A woman who prophesies or carries on the work of a prophet. As shown under the headings PROPHET and PROPHECY, prophesying basically means the inspired telling forth of messages from God, the revealing of the divine will. Prediction of future events might or might not be involved. Even as there were both true and false prophets, so some prophetesses were used by Jehovah and were moved by his spirit while others were false prophetesses, disapproved by Him.
Miriam is the first woman designated a prophetess in the Bible. God evidently conveyed some message or messages through her, perhaps in inspired singing. (Ex 15:20, 21) Thus, she and Aaron are recorded as saying to Moses: “Is it not by us also that [Jehovah] has spoken?” (Nu 12:2) Jehovah himself, through the prophet Micah, spoke of having sent “Moses, Aaron and Miriam” before the Israelites when bringing them up out of Egypt. (Mic 6:4) Though Miriam was privileged to be used as an instrument of divine communication, her relationship as such toward God was inferior to that of her brother Moses. When she failed to keep her proper place, she suffered severe chastisement from God.—Nu 12:1-15.
In the period of the Judges, Deborah served as a source of information from Jehovah, making known his judgments on certain matters and conveying his instruction, as in his commands to Barak. (Jg 4:4-7, 14-16) Thus, during a period of national weakness and apostasy, she served figuratively as “a mother in Israel.” (Jg 5:6-8) Huldah the prophetess served in a similar manner, in King Josiah’s day, making known God’s judgment toward the nation and its king.—2Ki 22:14-20; 2Ch 34:22-28.
Isaiah refers to his wife as “the prophetess.” (Isa 8:3) Though some commentators suggest that she was such only in the sense of being married to a prophet, this conjecture has no Scriptural evidence to back it up. It appears more likely that she had received a prophetic assignment of some sort from Jehovah, as had earlier prophetesses.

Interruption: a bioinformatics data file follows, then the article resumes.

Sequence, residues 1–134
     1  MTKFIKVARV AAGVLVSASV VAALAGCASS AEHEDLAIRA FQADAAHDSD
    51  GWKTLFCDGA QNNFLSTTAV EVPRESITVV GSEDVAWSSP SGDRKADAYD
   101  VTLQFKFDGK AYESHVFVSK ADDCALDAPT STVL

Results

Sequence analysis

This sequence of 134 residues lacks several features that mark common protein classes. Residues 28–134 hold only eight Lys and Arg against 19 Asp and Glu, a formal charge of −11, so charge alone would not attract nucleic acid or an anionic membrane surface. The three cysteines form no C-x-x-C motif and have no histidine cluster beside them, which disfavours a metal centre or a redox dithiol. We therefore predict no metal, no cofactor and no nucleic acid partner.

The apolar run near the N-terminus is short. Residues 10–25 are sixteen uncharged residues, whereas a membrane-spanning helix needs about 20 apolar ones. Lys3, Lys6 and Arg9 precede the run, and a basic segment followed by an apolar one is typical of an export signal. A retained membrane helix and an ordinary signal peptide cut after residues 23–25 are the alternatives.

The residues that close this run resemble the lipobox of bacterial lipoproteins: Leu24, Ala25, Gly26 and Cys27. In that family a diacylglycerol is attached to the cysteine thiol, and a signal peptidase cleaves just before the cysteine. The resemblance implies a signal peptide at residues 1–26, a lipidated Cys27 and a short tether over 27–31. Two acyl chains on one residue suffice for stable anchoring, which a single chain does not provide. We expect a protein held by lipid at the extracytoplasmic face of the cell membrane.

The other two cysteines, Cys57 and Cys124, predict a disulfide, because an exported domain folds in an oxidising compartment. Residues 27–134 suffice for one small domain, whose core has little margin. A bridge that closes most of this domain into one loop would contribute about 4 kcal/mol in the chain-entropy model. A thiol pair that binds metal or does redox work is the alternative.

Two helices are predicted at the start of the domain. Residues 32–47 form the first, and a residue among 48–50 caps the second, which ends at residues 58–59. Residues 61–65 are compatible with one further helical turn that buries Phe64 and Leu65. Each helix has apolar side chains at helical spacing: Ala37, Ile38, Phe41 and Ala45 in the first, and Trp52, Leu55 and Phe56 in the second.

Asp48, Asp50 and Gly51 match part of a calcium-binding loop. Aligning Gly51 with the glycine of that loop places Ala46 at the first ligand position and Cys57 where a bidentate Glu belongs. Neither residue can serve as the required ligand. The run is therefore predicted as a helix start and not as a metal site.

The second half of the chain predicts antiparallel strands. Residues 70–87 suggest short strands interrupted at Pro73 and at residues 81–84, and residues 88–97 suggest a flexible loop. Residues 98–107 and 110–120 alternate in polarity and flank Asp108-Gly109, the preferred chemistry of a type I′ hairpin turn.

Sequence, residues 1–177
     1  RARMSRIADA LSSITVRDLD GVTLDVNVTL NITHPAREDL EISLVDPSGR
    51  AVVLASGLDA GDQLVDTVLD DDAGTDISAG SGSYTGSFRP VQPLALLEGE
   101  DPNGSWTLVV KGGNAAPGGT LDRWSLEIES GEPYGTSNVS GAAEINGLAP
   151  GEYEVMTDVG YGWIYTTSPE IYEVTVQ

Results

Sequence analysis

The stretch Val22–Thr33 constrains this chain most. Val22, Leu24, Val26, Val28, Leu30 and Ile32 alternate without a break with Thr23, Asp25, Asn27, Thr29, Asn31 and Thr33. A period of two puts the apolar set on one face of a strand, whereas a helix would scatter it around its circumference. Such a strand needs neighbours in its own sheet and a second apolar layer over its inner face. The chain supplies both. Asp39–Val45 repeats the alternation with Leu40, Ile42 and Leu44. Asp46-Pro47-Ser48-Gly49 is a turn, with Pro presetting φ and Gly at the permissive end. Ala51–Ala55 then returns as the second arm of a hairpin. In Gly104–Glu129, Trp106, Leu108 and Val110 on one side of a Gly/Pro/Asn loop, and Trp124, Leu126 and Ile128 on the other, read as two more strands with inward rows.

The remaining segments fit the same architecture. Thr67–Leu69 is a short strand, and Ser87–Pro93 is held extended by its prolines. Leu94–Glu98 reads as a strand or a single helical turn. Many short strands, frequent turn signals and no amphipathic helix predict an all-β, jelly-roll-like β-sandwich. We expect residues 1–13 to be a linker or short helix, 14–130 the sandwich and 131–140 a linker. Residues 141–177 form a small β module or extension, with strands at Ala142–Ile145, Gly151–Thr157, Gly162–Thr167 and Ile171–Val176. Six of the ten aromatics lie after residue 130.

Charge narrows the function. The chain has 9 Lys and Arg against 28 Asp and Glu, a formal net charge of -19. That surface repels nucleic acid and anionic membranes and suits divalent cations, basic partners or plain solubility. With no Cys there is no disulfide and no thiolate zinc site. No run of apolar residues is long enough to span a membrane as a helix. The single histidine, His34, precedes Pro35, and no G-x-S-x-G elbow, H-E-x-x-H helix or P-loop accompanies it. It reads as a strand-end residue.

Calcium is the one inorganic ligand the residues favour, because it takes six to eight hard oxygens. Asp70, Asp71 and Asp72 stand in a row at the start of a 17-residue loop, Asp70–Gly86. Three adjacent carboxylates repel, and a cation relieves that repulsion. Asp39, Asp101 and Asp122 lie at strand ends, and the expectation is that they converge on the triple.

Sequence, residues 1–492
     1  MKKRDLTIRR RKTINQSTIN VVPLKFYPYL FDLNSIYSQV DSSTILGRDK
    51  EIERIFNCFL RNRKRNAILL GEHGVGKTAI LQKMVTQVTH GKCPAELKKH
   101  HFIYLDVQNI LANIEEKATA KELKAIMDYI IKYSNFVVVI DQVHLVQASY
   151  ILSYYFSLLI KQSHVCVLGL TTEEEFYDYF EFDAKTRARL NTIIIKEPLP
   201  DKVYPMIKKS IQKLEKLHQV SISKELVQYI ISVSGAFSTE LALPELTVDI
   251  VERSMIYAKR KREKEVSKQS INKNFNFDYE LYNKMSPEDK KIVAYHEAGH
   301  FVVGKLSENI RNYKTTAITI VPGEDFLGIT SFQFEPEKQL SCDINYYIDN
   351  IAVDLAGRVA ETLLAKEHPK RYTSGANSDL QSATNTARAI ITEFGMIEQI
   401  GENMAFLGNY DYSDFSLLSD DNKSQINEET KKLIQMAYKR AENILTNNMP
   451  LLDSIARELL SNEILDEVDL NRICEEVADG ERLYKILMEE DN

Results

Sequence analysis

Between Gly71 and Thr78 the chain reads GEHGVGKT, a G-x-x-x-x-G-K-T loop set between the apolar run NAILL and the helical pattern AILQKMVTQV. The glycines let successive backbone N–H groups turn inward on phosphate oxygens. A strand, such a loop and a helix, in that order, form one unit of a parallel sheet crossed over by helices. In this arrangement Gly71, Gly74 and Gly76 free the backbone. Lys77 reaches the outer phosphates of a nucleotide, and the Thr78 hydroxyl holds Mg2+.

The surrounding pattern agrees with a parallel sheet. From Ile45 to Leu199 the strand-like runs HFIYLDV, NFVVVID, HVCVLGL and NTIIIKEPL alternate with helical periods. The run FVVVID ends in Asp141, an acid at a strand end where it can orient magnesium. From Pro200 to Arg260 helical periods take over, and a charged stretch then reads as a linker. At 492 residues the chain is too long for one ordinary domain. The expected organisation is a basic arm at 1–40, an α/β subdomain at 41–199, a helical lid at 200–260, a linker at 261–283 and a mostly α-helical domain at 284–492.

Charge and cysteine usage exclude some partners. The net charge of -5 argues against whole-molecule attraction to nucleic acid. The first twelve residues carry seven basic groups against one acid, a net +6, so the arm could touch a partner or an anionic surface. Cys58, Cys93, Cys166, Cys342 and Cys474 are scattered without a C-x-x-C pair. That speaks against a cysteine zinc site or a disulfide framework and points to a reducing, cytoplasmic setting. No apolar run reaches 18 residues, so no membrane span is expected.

Nehemiah speaks unfavorably of the prophetess Noadiah, who, along with “the rest of the prophets,” tried to instill fear in Nehemiah and so obstruct the rebuilding of Jerusalem’s walls. (Ne 6:14) Though she acted in opposition to God’s will, this does not necessarily mean that she had not held a valid standing as a prophetess prior thereto.
Jehovah spoke to Ezekiel of Israelite women who were “acting as prophetesses out of their own heart.” This implies that these prophetesses had no divine commission from God but were merely imitations, self-made prophetesses. (Eze 13:17-19) By their ensnaring and hoodwinking practices and propaganda they were ‘hunting souls,’ condemning the righteous and condoning the wicked, but Jehovah would deliver his people out of their hand.—Eze 13:20-23.
At the time of Jesus’ birth, while the Jews were still Jehovah’s covenant people, the aged Anna served as a prophetess. She “was never missing from the temple, rendering sacred service night and day with fastings and supplications.” By “speaking about the child [Jesus] to all those waiting for Jerusalem’s deliverance,” she acted as a prophetess in the basic sense of ‘telling forth’ a revelation of God’s purpose.—Lu 2:36-38.
Prophesying was among the miraculous gifts of the spirit that were granted to the newly formed Christian congregation. Certain Christian women, such as Philip’s four virgin daughters, prophesied under the impulse of God’s holy spirit. (Ac 21:9; 1Co 12:4, 10) This was in fulfillment of Joel 2:28, 29, which foretold that “your sons and your daughters will certainly prophesy.” (Ac 2:14-18) Such gift, however, did not remove a woman from subjection to the headship of her husband or to that of men within the Christian congregation; in symbol of her subjection she was to wear a head covering when prophesying (1Co 11:3-6) and was not to act as a teacher within the congregation.—1Ti 2:11-15; 1Co 14:31-35.
A Jezebel-like woman in the congregation of Thyatira claimed to have prophetic powers but followed the course of ancient false prophetesses and received the condemnation of Christ Jesus in his message to John at Revelation 2:20-23. She improperly acted as a teacher and misled members of the congregation into wrong practices.